GARWIN - Inside the social center of the St. Boniface Catholic Church, a community space still lacking air conditioning and lighting, the community of Garwin came together Monday night.
Over a meal of burgers, beans, potato chips and water provided by the Red Cross, they examined what had happened that morning.
Eventually spilling out into the yard of the church and into Fourth Street where an emergency town meeting was held, they were told of straight line winds exceeding 100 mph that had moved through Tama County.
"The challenge is that the damaged area is so extensive that repairs may take five days," said Kip Ladage, Bremer County Emergency Management, who is heading up efforts of mutual aid for Tama County.
Ladage later said work to restore electricity and gas may occur sooner, roughly three days, because of utility assistance coming from around the Midwest.
Gov. Terry Branstad authorized a state disaster proclamation for Tama County Monday afternoon, which means state-owned generators and Iowa Department of Transportation trucks, among other resources will be available to the town on roughly 560 people.
T-R PHOTO BY ABIGAIL PELZER
The community of Garwin gathered Monday evening for an emergency town meeting outside of St. Boniface Catholic Church. The town is looking at a three to five day recovery effort to restore gas and power.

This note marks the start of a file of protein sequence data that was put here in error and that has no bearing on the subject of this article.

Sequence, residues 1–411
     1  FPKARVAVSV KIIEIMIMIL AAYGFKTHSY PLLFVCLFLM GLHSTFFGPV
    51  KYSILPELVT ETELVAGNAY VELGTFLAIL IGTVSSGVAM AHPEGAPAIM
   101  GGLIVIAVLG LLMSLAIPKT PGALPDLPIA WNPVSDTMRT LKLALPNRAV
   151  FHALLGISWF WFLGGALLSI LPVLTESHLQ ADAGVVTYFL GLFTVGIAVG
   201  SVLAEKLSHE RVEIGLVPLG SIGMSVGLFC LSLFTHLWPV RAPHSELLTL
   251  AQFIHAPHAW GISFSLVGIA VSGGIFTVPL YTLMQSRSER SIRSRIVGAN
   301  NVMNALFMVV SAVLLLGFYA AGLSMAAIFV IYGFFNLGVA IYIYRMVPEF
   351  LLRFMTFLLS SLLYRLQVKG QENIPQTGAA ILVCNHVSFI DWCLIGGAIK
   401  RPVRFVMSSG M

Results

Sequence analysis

Garwin Mayor Greg Oaks said the town had already come a long way.
"We've made a big effort today," he said. "We've started on a big process and as we get some regulations in place for clean up we hope to be in a be looking better in a couple of days."
Kim Laffoon said the community was joining together in the effort.
"It's great to be in a little town that bands together," she said. "Everyone is checking on everyone and helping out - it makes you proud to live in this town. "
Josh and Kim Meyer sat in folding chairs outside St. Boniface while their 2-year-old son, Jonah, played nearby.
"There's has been a lot of neighbors helping neighbors," Kim Meyer said. "It's a community effort for sure."
The Meyer's home had exterior damage to the roof and patio as well as downed trees.
The social center at the church was expected to be air conditioned by Monday evening for respite and several other locations including the Memorial Building in Gladbrook and the former maurice's store at Marshall Town Center were available for those seeking overnight shelter.
Residents who had worked throughout the day to begin cleanup were asked to sort debris by three categories: Trees and brush, shingles and housing materials and metals.
The severe storm flattened grain bins, ripped the roof off of the post office and caused the temporary evacuation of the residents because of a several gas leaks Monday.
Garwin resident Tom Waite said the clean-up effort was encouraging.
"We shall survive," he said.